Britain’s Olympic gold medallist Amy Williams does not believe Lizzy Yarnold would have had the opportunity to emulate her as a skeleton champion had she not won a medal herself at Vancouver 2010.
Williams became Team GB’s first individual gold medallist at a Winter Olympics in 30 years when she won the title in Canada, and the title has been in British hands ever since following Yarnold’s victories in Sochi and Pyeongchang.
Even though Shelley Rudman set the ball rolling with silver at Turin 2006, the sport’s funding was on a knife edge heading into Vancouver, and Williams remembers being told in no uncertain terms that skeleton’s future hinged on her performance.
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“The money that my medal got us in Vancouver...we all got told we had to bring home a medal or skeleton wouldn’t exist in the UK anymore,” she told Eurosport.
We had a lot of pressure on us, that medal enabled Lizzy and Laura (Deas) to exist in the sport, and all the other athletes coming through.
“I remember someone from UK Sport asked me to outline all the training and hours I did and we just created this formula. If you do, this, this and this, you had the best coaches in the world, the best equipment in the world, you can fast track and become an amazing athlete.”
The formula has proved to be a resounding success, and bronze medallist Laura Deas heads the British challenge for Beijing, with Brogan Crowley, Marcus Wyatt, Craig Thompson and Matt Weston also looking to qualify for the Games. This time round, the men are arguably greater contenders for gold.
Yarnold and Deas famously came through the Girls4Gold talent search scheme. Their innate sporting ability was assessed, and they switched sports - Yarnold from heptathlon and Deas from equestrian. Williams found her own way to skeleton through athletics as well, and each was placed into a high-performance programme which has had extraordinary results.
Lizzy and Laura are the proof, they’re in an amazing programme and success breeds success and it brings faith.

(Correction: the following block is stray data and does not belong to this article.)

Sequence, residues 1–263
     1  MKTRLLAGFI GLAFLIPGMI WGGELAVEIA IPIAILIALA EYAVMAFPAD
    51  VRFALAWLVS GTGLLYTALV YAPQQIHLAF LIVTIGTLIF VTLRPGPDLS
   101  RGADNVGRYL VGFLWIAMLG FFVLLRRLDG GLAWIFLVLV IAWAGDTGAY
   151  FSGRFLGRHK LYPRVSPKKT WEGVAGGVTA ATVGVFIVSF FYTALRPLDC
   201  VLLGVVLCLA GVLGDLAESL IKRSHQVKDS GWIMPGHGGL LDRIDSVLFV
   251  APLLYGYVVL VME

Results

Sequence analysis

“For the guys, they’re so close and have an amazing friendship, they all push each other. I mentor the athletes below them, and so I’ve always been around them. I’ve felt like their big sister, it’s really exciting especially in the men’s field.
“They’re on that uphill trajectory, I don’t know if this Olympics comes too soon to medal, but they’re going to be on ice doing six, seven races before it. If they get their confidence levels up, first Olympics, no pressure - they could pull it out of the bag.”
Williams remembers her own route into the sport as being a lot more conventional, which required a great deal of graft.
“I’m proper old school, the same as Shelley Rudman, I lived in Bath and they’d just built the start track in 2002 for the Salt Lake City Games, and I was just an athlete training in the gym and invited myself along.
“I just gave it a go, I was pretty quick pushing the sled, I joined an army ice camp in Lillehammer and me and a few other civilians, including Shelley, paid around £2000.
“Everyone who did the sliding sports were military. We were the very first era of normal civilian people doing the sport, a guy called Simon Timpson came on board and created this performance pathway.
“There’s no reason why we can’t excel in all those other winter sports, but it comes down to funding. We don’t have funding to poach the best ice hockey coaches out of the NHL.
“It comes down to kids playing it too, so there’s a deeper level, and then all the way up to being a young adult - how many universities even have an ice hockey team? But in skeleton, we poach anyone who’s a power athlete - we’ll do our best to grab them.”
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